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I hear a lot about email fraud schemes that try to lure recipients into bogus websites disguised as reputable ones these days. Beth of mutated monkeys blogged about a scam targeting PayPal customers, which in fact comes from "PcyPal." I'm a PayPal user, so it gives me the shivers to think how I would have reacted if I had received that email even though it's from PcyPal or Peypal or PussyPal or whatever.

Now I have to be careful not to click on a hyperlink readily without making sure the spelling of the URL. Give me a spell checker.


Hi, this is Gav from Japan tales blog.

Just thought I'd make contact.
nice blog


You really have to be careful about links also.

You now can spoof http links. Check out the bottom part of your browser when you place your cursor over the link.


(I can't completely hide it on your comment section, but you get the idea)

Here is a page that shows you what is going on with examples.



I must admit, I sometimes don't read things carefully. it's quite scary to think that your haste can sometimes cost you quite dearly!

Hi, Gav. Thanks for dropping by. Glad to know there's another blogger in Hokkaido. :)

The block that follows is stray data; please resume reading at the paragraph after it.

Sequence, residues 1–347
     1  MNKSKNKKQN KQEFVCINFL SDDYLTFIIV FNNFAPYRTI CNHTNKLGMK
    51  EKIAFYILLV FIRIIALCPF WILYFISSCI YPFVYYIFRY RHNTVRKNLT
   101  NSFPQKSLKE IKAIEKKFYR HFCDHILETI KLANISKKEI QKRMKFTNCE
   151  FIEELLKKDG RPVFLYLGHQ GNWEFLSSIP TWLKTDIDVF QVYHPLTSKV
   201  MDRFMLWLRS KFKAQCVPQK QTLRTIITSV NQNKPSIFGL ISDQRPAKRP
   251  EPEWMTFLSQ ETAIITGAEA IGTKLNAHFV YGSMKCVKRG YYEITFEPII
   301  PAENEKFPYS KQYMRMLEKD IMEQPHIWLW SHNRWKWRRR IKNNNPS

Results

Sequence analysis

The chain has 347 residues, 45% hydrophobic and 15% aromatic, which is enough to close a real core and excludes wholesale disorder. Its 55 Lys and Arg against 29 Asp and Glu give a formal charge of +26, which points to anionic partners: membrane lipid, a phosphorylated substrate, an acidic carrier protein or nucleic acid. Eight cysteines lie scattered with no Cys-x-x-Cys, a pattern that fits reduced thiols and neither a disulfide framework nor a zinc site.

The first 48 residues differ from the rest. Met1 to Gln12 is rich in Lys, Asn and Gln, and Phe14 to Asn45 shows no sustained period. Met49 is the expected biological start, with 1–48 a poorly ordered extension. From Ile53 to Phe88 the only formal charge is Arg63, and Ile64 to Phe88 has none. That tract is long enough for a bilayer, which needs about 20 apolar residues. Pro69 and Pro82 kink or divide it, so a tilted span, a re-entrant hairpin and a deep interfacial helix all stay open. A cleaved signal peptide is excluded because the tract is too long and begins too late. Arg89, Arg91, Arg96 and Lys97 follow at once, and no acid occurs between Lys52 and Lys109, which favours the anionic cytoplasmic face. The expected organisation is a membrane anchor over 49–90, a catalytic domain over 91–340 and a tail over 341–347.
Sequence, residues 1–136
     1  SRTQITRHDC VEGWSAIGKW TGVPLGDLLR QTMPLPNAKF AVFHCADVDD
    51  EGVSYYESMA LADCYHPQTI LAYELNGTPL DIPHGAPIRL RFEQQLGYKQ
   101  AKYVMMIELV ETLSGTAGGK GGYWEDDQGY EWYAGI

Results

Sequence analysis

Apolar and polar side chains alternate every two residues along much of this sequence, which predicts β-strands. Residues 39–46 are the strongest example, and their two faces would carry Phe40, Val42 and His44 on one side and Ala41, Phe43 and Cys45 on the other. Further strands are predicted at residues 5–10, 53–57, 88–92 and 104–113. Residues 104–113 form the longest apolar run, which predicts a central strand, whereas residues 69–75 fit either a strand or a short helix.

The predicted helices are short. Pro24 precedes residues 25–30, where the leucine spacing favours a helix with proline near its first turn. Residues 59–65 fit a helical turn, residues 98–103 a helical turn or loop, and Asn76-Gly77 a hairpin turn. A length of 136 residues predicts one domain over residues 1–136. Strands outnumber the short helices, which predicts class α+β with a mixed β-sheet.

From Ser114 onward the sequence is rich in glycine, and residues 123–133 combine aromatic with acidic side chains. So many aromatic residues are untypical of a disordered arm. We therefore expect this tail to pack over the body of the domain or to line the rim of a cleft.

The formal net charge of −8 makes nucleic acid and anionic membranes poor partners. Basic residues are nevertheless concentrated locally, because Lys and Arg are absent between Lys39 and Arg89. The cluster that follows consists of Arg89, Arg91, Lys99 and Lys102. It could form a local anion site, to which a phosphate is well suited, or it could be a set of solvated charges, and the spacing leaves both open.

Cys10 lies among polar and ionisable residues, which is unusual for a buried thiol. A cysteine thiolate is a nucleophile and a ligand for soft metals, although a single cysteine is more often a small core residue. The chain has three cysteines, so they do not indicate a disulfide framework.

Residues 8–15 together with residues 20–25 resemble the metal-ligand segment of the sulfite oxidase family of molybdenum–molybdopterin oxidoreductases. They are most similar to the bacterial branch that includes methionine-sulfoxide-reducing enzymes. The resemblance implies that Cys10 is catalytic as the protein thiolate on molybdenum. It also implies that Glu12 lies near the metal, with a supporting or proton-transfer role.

Tatroyer, that's great info! Thanks! It's too bad that only IE can't display real URLs in the status bar. Hmm....

Rae, yeah, really scary. ;)

I've gotten tons of fraudulent emails claiming to be from both Paypal and Ebay. A good general rule to remember is that neither of those companies will ever ask you to click on a link through email to go to their page. They will always tell you to just type their address into your browser. So never trust anything that asks you to click through to update your details, or has a form for you to fill in directly.

I've seen some pretty good fake Paypal and fake Ebay sites, so you have to be careful. Make sure you always see the https:// before Paypal, not just http://.

Another thing that I just realized, Kiyo: The email from 'Paypal' went to an email address that I have not used to correspond or register with Paypal. That didn't occur to me until just now! It should have been the FIRST thing that tipped me off.

Since email addresses are so easy to get, especially if you have your own domain, a way to guard against this sort of 'fishing expedition' would be to devote a special email address exclusively to Paypal, another to Amazon, etc., and not publish those emails anywhere. (All the emails could be forwarded to one inbox.)

Thanks for the nice advice, Quinlan. I'll keep them on mind.

Beth, yeah, I received an email from "Visa" that said my card was used by someone. And it came to an address, my domain, that I don't register with Visa. ;)